The U.S. Women’s National Team is across the Pacific Ocean, looking to win their third consecutive FIFA World Cup. The tournament begins Thursday with a match between New Zealand and Norway. That’ll be at 3 a.m. East Coast time.

The United States’ first game is against Vietnam at 9 p.m. East Coast time on Friday.

Maybe, like me, you’re new to soccer fandom. Or maybe you’re a long-time fan of the world’s game, but have no idea how to watch matches that are being played in New Zealand and Australia. Whatever your situation is, consider this your guide for enjoying the FIFA Women’s World Cup 2023 from the comfort of Charm City.

How can I watch?

In the United States, you’ve got limited options for watching the World Cup. Fox has English-language media rights and will broadcast 29 games on Fox. It’ll broadcast other games on Fox Sports 1 (also referred to as FS1) and all of the games on the Fox app.

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If you’re like me and you don’t have cable, you have some options. You could use Peacock and stream the games through Telemundo, but they’ll be in Spanish. Personally, I plan to sign up for YouTube TV and use that to log in and watch the games on Fox.

No matter how you watch, pay attention to match times. Since the tournament is being hosted in Australia and New Zealand, there’s a significant time difference. Some games will be played and broadcast when it’s 3 a.m. on the East Coast.

Crystal Dunn, No. 19 of the United States, hoists the trophy with her teammates after defeating Brazil in the 2023 SheBelieves Cup match at Toyota Stadium on Feb. 22, 2023 in Frisco, Texas. (Sam Hodde/Getty Images)

Where can I watch?

I’m a new soccer fan, I’ll admit that. But it didn’t take me long to learn that the best way to experience the game is with a group. Traveling to a stadium to watch a game live is great, but probably out of the question if you don’t already have tickets booked for New Zealand.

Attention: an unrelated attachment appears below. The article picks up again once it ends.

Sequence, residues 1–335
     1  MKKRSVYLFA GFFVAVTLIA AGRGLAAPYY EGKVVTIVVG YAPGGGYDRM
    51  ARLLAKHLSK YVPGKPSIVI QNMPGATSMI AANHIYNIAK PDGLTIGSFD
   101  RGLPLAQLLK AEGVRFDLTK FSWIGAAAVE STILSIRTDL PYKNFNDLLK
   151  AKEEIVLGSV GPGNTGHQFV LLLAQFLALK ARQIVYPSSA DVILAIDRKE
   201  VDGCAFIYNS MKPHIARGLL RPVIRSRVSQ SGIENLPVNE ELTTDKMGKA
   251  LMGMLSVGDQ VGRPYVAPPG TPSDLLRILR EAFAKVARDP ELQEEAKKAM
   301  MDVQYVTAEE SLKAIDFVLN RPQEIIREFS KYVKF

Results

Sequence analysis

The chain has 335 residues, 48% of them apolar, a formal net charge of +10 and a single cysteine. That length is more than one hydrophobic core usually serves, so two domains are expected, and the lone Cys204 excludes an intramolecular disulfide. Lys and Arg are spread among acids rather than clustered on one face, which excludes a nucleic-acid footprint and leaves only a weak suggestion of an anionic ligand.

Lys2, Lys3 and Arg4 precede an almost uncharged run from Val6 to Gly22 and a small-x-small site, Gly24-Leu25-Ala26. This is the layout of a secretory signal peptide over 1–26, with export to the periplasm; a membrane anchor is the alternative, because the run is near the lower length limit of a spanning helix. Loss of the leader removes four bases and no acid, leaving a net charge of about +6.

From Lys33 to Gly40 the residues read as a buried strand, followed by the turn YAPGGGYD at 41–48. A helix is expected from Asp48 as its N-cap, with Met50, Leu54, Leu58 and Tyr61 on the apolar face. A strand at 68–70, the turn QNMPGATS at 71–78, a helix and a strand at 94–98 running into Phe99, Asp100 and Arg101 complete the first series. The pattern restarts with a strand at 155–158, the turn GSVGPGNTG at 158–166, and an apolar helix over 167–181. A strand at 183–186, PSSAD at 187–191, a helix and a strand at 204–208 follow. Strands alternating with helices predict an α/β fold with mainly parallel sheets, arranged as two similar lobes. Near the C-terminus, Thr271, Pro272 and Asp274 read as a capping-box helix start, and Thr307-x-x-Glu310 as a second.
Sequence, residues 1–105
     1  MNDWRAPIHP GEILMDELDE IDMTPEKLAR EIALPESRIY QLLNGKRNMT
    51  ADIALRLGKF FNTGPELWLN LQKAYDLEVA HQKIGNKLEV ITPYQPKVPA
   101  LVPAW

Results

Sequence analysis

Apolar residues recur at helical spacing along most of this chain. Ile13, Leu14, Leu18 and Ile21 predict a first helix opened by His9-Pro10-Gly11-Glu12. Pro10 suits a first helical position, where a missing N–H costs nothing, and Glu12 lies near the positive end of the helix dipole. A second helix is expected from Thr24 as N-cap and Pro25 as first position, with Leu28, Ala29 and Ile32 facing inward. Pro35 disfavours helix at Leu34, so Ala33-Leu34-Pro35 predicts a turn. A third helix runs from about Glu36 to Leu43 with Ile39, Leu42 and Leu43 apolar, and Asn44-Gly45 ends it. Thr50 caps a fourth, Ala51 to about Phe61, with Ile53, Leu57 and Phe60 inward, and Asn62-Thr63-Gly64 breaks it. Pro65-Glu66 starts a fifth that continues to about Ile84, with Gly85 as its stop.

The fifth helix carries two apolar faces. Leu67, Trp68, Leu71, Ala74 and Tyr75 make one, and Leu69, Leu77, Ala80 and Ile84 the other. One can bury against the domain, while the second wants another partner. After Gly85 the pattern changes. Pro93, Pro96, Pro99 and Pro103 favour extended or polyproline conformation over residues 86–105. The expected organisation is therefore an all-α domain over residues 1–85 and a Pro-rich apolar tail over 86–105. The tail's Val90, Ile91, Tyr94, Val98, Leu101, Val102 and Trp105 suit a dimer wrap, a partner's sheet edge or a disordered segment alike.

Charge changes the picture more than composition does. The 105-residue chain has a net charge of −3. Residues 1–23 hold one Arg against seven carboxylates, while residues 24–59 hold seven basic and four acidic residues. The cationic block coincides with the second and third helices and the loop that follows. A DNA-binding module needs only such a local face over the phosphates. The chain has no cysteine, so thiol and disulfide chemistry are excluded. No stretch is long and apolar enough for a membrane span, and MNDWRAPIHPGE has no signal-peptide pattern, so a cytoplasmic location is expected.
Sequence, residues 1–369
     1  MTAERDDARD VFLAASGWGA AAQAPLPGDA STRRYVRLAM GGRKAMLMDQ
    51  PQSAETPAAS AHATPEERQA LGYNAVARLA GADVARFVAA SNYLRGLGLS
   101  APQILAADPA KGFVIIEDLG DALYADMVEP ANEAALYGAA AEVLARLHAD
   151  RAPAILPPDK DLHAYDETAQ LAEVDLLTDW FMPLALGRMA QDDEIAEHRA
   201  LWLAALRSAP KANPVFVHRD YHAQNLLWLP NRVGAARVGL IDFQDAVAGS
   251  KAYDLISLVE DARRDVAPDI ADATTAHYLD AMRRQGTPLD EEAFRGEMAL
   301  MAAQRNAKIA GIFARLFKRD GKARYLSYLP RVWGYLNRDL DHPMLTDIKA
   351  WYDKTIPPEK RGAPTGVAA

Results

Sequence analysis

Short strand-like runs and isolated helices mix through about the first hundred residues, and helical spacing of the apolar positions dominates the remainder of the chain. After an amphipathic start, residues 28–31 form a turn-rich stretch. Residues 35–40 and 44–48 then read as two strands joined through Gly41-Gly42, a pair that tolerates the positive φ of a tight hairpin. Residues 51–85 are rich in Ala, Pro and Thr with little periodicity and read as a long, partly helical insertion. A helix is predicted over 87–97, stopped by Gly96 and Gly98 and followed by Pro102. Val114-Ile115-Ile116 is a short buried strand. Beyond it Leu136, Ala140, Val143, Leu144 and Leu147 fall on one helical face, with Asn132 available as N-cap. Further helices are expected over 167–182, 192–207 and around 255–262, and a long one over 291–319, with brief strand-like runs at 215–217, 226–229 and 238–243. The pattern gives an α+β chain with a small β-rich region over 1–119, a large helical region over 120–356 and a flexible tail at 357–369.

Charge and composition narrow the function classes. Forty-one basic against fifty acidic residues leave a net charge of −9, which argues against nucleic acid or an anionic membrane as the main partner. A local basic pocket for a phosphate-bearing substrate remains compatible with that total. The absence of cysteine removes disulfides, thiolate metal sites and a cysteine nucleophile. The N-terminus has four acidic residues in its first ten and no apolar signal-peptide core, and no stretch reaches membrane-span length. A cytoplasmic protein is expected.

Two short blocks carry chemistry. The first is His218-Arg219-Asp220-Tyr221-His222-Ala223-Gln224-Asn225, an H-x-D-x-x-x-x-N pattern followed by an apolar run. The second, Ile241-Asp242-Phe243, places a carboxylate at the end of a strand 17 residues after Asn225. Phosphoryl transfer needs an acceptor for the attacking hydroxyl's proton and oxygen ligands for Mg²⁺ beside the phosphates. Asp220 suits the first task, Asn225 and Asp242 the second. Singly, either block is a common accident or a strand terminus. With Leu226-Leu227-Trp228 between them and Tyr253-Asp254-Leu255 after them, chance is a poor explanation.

The next best thing would be to find a bar or restaurant that’s going to stream the games, so that you can at least enjoy the broadcast with a community.

The Brass Tap, 1205 W. Mt. Royal Ave. — While there aren’t any events listed yet, a manager at The Brass Tap said they’d be playing all the games that are on during their business hours, including the first U.S. match against Vietnam. They suggested checking their Facebook or Instagram as the game dates get closer.

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Frazier’s on the Avenue, 919 W. 36th St. — Juliet Ames, a local artist who does marketing for Frazier’s, said the bar would play all the games that are on during their business hours. She also said they may open early for some games, but the best way to find out is to check their Facebook or Instagram.

Guilford Hall Brewery, 1611 Guilford Ave. — Guilford Hall is hosting a watch party for the first U.S. game against Vietnam. Guilford Hall has a truly massive TV screen on their second floor, which is likely where the watch party will be. I’d suggest keeping up with their Facebook page to see if there are events for later matches.

R. House, 301 W. 29th St. — Games will be shown on the TVs at r. bar.

Megan Rapinoe of United States during the New Zealand Football Ferns official FIFA Women’s World Cup welcome ceremony at Spark Arena on July 15, 2023 in Auckland, New Zealand. (Phil Walter/Getty Images)

The U.S. Women’s National Team is really good, right?

Absolutely. Like, really good. The USWNT has won the Women’s World Cup four times, more than any other country. The U.S. and Germany are the only teams to win two cups in a row — and this year, the U.S. team has the chance to become the first country to win three consecutive world cups.